Ten-day wear: Diabetes means a life of constantly remembering - remembering to test, to take insulin, to change sensors and pump sites. Normally, CGM sensors have a seven day use, and it was nice to get an extra three days’ grace from the G6.
The price: If you aren’t eligible for the government subsidy for people with concessional status, under the age of 21 or pregnant women, sensors for the G6 cost $330 for a box of three, which gives you one month of continuous CGM. You’ll also need to buy new transmitters four times a year, which cost $400 each. These are prices for standalone purchases - the supplier, AMSL Diabetes, has brought out a subscription price that is lower if you sign up for 12 months’ supply. Check the AMSL Diabetes website or call AMSL Diabetes for more.
G6 sensors can’t be restarted easily: Dexcom sensors from previous generations (eg the G5) last for seven days before they are factory set to switch off. Although it’s not recommended by the company, many people extend their sensor life by restarting their sensors, getting another week or two of life out them and reducing their costs considerably. The G6 was approved on the basis that it cannot be restarted, because accuracy can’t be guaranteed beyond a ten-day wear. However, (although I didn’t try it) it appears that members of the diabetes community have figured out how to restart the G6, too - although the process appears to be quite a bit more onerous than with previous models.
Slow connection time: I found that when the system lost signal, it took a while to reconnect. The time taken to reconnect was problematic for me at swimming training, where in order to check my level, I’d wait at the end of the lane for the sensor to connect back up with the receiver, which I kept close by in a waterproof bag on the pool deck. Most of the time - even when my coach took his time to explain a long and complicated set - the receiver hadn’t picked up the signal by the time I needed to set off swimming again, so I had to train without knowing my glucose levels.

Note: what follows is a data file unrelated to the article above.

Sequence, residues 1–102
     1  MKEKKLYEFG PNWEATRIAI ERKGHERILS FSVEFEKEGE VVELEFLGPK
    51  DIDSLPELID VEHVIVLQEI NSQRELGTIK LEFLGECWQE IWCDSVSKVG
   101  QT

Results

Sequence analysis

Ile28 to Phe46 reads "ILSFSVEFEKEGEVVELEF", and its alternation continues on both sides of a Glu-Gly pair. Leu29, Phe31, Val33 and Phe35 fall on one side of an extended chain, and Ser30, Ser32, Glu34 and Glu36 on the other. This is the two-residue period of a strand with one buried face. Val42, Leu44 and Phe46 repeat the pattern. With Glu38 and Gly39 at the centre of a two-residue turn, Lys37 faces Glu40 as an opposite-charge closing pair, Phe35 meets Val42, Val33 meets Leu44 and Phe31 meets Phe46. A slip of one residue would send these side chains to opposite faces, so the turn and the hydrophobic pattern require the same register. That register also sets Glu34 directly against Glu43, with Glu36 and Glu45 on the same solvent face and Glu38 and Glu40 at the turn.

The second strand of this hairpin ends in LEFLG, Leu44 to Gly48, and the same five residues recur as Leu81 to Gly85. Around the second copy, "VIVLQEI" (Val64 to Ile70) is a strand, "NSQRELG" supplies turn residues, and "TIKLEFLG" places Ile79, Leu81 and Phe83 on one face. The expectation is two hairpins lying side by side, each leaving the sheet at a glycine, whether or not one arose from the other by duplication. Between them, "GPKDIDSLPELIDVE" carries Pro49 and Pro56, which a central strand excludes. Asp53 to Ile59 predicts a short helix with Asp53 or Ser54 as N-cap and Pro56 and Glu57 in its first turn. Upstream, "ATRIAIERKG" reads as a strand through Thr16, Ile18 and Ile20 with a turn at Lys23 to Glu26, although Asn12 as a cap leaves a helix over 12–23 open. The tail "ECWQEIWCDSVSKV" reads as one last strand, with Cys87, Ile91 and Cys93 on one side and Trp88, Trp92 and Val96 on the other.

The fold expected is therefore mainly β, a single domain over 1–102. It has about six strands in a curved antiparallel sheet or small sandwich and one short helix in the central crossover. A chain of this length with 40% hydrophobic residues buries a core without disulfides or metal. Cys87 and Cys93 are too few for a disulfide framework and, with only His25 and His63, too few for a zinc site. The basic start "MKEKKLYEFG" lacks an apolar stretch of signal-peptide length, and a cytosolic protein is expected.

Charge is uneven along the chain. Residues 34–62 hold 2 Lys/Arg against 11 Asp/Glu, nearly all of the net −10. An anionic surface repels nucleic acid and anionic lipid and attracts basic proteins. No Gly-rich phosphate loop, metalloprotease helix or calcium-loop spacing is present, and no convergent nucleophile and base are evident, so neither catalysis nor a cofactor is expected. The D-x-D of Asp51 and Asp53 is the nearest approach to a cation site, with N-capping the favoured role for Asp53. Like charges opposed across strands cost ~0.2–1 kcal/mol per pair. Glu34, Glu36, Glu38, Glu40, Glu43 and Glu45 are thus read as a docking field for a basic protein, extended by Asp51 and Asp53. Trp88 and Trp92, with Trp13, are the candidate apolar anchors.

The applicator: The applicator is quite bulky, and would take up a lot of room in a suitcase or your diabetes drawer. Sadly, the applicator is single-use; I didn’t like having to throw away such a large piece of plastic after I’d inserted the sensor.
While I think G6 will be an awesome tool for most people, I’m not going to become a full-time user for two reasons. The first is very specific to my life: Bluetooth doesn’t work in water and so with all CGM systems I can’t easily measure my levels when I most need to - at swimming training. The second: (I'm sure many others will also identify with this) like most people with type 1 over the age of 21 in Australia I am not eligible for subsidised CGM, and its cost - which runs into the thousands each year - is a major barrier to use for me.
That said, I enjoyed my trial of the G6, especially feeling that I could trust it to be accurate enough to dose insulin from without calibrations, which is the key feature that sets it apart from other systems on the market. I like seeing my data in the kind of detail the system offered me, I liked the customisable alerts and the pain-free insertion, and I learned a lot from the comprehensive report about my glucose levels from Dexcom Clarity afterwards.